- Generates maximum economic benefits for local residents and enhances the well-being of host communities and their tourism-related enterprises
- Recruits and employs staff following International Labor Standards and the standards of the 2006 Maritime Labor Convention
- Ensures that tourism enterprises do not hurt other host industries
- Involves local people in decisions that affect their lives and opportunities
- Contributes to the conservation of natural and cultural heritage
- Provides more enjoyable experiences for tourists through meaningful connections with local people and a greater appreciation of local issues
- Is culturally sensitive, engenders respect between tourists and hosts, and builds local pride and confidence
- Minimizes negative environmental impact
- Considers the volume and type of tourism that the host community and the environment can support
- Respects the integrity of vulnerable ecosystems and protected areas
- Ensures that best practices are followed, with consultation from environmental and conservation experts
- Uses resources sustainably and reduces waste and over-consumption
Rockland is not alone in facing the challenges posed by large cruise ships. A three-part investigative series by the Portland Press Herald examined the ways that other Maine communities are regulating visits by large cruise ships, the economic factors that cities and towns must consider, and the environmental impact that cruise ships have on fragile environments like Maine.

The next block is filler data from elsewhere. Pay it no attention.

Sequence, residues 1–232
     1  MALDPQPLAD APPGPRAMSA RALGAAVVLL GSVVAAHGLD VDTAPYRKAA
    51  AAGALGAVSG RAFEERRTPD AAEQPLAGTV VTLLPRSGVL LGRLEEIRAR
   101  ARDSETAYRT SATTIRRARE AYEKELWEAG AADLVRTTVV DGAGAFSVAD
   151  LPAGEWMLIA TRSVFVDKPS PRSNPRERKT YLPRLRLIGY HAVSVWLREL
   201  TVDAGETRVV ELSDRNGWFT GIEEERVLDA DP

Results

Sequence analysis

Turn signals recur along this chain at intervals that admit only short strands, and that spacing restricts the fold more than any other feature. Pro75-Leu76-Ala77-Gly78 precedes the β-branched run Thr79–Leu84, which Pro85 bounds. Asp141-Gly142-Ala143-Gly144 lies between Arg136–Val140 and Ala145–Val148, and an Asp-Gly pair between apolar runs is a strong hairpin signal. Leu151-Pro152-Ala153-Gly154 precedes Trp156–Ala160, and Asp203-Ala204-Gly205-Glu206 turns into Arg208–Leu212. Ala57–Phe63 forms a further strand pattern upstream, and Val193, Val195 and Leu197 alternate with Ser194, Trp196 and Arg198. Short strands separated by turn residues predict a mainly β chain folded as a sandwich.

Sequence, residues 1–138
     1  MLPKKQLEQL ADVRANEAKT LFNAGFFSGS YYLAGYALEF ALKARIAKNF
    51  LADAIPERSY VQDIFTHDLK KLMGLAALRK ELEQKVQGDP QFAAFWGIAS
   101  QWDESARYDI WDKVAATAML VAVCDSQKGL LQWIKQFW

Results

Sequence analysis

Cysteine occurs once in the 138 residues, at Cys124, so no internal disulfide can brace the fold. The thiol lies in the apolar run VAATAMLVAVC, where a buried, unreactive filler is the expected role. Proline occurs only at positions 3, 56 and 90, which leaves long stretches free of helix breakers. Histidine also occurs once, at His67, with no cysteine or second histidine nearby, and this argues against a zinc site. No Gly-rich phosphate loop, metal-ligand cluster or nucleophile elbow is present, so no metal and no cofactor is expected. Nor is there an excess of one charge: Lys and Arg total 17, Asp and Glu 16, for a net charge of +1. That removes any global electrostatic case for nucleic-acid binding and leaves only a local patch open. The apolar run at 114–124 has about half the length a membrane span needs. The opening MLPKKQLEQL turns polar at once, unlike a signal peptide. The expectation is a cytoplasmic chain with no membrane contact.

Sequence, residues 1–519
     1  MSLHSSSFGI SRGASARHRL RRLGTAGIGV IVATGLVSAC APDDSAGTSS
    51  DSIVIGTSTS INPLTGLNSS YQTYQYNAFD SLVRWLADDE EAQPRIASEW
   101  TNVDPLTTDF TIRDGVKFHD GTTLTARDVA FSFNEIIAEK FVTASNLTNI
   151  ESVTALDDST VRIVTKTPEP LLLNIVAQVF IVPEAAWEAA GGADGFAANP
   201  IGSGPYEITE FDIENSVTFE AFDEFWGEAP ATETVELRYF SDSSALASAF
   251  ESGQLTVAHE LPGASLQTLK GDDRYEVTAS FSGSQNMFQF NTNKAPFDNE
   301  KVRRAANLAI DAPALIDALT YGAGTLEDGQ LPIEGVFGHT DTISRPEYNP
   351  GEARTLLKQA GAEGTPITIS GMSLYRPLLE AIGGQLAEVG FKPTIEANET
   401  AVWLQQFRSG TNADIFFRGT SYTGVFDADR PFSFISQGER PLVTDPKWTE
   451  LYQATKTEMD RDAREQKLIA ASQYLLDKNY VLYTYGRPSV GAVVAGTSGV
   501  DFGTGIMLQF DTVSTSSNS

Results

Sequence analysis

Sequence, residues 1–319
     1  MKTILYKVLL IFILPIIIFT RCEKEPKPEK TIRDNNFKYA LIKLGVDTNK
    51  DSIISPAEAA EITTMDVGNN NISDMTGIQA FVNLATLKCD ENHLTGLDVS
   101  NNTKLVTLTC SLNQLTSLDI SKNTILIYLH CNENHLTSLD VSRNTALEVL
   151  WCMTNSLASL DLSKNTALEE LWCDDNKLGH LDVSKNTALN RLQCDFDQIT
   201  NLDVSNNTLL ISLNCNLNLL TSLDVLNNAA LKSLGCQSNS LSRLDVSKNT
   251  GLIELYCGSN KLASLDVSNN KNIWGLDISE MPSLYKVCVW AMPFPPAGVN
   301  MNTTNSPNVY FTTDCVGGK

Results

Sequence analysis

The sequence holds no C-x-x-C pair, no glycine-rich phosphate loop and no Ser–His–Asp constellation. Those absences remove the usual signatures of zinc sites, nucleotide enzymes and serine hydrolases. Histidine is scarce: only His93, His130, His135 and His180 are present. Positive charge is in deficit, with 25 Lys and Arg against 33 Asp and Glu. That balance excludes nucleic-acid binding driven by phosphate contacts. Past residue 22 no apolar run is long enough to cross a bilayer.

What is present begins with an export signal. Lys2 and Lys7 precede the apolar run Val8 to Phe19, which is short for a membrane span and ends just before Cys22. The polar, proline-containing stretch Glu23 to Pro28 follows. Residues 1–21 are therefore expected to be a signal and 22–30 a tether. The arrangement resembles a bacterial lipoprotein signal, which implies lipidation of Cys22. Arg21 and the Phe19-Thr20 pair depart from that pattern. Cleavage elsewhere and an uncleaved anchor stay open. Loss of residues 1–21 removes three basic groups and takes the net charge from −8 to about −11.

Cruise ships threaten Rockland’s growth.
- Cruise ship passengers spend one-fifth of what other tourists spend in a day.
- Mega-cruise ships are hotels and restaurants on the water: direct competitors to local businesses.
- Cruise ships harm fisherman’s gear and crowd fishing areas.
- Cruise ship visitors support mostly low-paying, seasonal employment, as host towns transform to trinket and t-shirt villages.
- Pleasure crafts, tourists, and locals avoid the cruise ship crowds and buses.
- Cruise ships dump sewage at sea, sulfur oxides in the air, and have a massive carbon footprint.
- Southwest Harbor, Northeast Harbor, and Tremont passed cruise ship moratoriums.
IF YOU ARE CONCERNED ABOUT THE EFFECT HUGE CRUISE SHIPS COULD HAVE ON OUR SMALL CITY, PLEASE CONTACT YOUR CITY COUNCILOR AND MAKE SURE THEY HEAR YOUR VIEWPOINT! CLICK HERE TO CONTACT ROCKLAND’S CITY COUNCILORS.